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Re: Is the result of Parinibbana Annihilation?

Postby legolas » Sat Mar 12, 2011 3:38 am

I think one of the problems with understanding Nibbana is that we don't really understand how much we suffer, even in the heavenliest heaven. Nibbana promises the ending of all that suffering and the path we take towards Nibbana, is littered with Dhammic jewels we would never have found without the Dhamma. So we begin to recognise that the path we are on is making us happier and happier. The big problem is that because Nibbana is unconditioned - our conditioned minds and conditioned words and conditioned thoughts cannot get to grips with it. This is how it should be - if we could totally get to grips and formulate a perfect understanding of Nibbana from our conditioned view point, then it really could not be Nibbana. The Buddha's similes are the nearest inkling we are going to get as regards Nibbana, without experiencing it.
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Re: Is the result of Parinibbana Annihilation?

Postby ground » Sat Mar 12, 2011 3:44 am

:goodpost:

However I consider persistent obscurations to be the thought of "happiness" and the thought that "Nibbana is unconditioned"


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Re: Is the result of Parinibbana Annihilation?

Postby Aloka » Sat Mar 12, 2011 8:59 am

TMingyur wrote:

However I consider persistent obscurations to be the thought of "happiness" and the thought that "Nibbana is unconditioned"



Ajahn Sumedho uses the term 'the unconditioned' for Nibbana.

I recall him saying in an offline talk I attended : "Enlightenment is from the unconditioned and not from a sense of ego and an idea of enlightenment".

Additionally in his book "Don't Take Your Life Personally " page 19, he says " When you contemplate the Four Noble Truths and use them as your paradigm for practice, it becomes clear that the third and fourth truths are definately the realisation of the unborn or the unconditioned. (nibbana) "


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Re: Is the result of Parinibbana Annihilation?

Postby tiltbillings » Sat Mar 12, 2011 9:13 am

Aloka wrote:
TMingyur wrote:

However I consider persistent obscurations to be the thought of "happiness" and the thought that "Nibbana is unconditioned"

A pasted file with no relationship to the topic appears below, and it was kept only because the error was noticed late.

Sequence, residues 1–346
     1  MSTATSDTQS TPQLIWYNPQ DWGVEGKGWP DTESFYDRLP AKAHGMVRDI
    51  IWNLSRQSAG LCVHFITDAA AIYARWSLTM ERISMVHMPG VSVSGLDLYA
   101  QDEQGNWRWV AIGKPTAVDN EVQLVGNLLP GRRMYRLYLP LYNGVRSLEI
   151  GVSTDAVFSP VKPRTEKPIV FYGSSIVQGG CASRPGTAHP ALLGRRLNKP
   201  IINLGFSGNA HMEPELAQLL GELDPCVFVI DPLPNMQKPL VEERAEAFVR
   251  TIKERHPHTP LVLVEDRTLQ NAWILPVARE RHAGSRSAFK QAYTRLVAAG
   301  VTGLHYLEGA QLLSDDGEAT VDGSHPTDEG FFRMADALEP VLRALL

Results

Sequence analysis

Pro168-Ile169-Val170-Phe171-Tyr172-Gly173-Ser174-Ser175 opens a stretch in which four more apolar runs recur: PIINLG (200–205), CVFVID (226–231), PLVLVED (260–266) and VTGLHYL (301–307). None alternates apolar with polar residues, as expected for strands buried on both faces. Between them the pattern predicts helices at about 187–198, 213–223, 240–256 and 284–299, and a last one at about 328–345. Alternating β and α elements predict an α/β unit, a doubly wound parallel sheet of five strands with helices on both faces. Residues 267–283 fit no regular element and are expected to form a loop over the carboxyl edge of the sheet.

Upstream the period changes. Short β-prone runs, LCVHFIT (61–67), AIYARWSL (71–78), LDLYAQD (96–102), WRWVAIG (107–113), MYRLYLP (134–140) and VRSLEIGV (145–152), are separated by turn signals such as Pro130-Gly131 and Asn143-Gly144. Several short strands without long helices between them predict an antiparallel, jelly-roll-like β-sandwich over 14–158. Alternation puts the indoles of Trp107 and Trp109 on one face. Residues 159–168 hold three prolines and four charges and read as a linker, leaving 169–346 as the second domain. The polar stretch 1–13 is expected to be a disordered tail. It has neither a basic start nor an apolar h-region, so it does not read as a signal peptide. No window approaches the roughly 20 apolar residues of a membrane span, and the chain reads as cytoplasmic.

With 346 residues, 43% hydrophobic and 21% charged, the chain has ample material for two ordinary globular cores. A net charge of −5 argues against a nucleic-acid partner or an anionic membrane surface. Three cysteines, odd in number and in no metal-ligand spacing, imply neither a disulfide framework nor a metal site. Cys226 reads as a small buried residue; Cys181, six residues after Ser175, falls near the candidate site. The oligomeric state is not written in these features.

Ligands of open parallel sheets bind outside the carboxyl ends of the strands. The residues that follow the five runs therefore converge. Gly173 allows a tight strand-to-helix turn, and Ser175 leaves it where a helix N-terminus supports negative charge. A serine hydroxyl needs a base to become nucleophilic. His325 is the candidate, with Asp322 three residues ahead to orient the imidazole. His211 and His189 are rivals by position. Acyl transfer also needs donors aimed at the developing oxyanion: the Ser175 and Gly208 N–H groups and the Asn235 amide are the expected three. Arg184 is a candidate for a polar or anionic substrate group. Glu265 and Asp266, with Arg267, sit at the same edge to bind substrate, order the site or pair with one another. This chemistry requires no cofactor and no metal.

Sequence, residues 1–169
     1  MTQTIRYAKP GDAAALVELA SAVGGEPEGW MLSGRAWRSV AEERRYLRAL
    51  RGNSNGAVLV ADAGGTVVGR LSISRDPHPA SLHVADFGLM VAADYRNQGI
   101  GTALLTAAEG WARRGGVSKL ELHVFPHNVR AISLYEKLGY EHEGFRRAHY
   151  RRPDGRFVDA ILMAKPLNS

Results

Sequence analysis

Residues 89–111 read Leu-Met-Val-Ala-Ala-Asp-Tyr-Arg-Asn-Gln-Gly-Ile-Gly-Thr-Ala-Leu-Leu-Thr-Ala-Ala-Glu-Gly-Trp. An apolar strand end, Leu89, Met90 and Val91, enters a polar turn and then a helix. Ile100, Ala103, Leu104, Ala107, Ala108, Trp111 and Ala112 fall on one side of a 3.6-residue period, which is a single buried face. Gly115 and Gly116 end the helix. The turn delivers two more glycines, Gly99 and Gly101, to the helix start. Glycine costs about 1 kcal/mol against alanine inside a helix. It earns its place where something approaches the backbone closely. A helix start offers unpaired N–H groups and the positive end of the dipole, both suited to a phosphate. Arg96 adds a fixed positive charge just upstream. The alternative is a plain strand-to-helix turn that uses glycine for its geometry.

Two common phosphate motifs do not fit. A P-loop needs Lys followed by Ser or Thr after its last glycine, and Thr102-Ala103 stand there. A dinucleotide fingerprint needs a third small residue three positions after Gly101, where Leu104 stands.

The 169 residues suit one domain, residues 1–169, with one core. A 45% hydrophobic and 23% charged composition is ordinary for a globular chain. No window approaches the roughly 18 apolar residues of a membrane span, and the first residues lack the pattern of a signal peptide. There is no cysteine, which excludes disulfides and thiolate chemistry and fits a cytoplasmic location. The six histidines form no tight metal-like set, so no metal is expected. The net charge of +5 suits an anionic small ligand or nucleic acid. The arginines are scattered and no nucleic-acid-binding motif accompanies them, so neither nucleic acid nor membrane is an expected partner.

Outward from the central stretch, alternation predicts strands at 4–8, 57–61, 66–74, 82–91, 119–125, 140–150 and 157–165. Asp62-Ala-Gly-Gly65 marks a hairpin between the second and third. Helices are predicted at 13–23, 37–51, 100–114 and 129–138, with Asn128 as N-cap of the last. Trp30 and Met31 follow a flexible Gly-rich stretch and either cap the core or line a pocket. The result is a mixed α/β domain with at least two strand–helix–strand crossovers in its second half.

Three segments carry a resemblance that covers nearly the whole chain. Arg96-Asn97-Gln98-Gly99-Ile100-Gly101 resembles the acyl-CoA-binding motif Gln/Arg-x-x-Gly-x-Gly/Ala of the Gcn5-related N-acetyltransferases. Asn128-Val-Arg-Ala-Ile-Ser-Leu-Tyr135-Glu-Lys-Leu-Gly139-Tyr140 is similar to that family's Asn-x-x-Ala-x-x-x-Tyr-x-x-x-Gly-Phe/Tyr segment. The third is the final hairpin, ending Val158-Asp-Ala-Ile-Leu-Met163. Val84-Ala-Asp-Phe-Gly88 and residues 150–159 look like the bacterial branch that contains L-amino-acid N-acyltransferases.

Ajahn Sumedho uses the term 'the unconditioned' for Nibbana.

I recall him saying in an offline talk I attended : "Enlightenment is from the unconditioned and not from a sense of ego and an idea of enlightenment".

Additionally in his book "Don't Take Your Life Personally " page 19, he says " When you contemplate the Four Noble Truths and use them as your paradigm for practice, it becomes clear that the third and fourth truths are definately the realisation of the unborn or the unconditioned. (nibbana) "
The interesting thing is that when one starts to carefully look at these terms as they are actually used in the suttas "the unborn" and "the unconditioned" as expressions can be seen as being a bit clumsy and even misleading, as if there were an "unborn" that is referred to as "the unborn."

Let us look at that usage where ajaata "the unborn" and nibbana are clearly synonyms:

Then the group of five monks, being thus exhorted, thus instructed by me
[the Buddha], being liable to birth because of self, having known the perils
in what is liable to birth, seeking the unborn
[jaata.m], the uttermost
security from the bonds -- nibbana -- won the unborn, the uttermost security
from the bonds -- nibbana...."
-- from the PTS translation of the Majjhima
Nikaya I 173
What is "the unborn?" What does it mean? Try this:

”Then the group of five monks, being thus exhorted, thus instructed by me
[the Buddha], being liable to birth because of self, having known the perils in
what is liable to birth, seeking freedom from birth, the uttermost security
from the bonds -- nibbana -- won freedom from birth, the uttermost security
from the bonds -- nibbana...."
Here we have a clarity in language and a symmetry of language - that is, being liable to birth and being free from birth. The privative prefix a, as in ajaata.m, indicates the opposite. If I am liable to an obligation I do not want, then what I am looking for is freedom from the obligation I do not want.

Freedom from birth is a common theme of the Buddha:

Through not seeing the Four Noble Truths,
Long was the weary path from birth to birth.
When these are known, removed is rebirth's cause,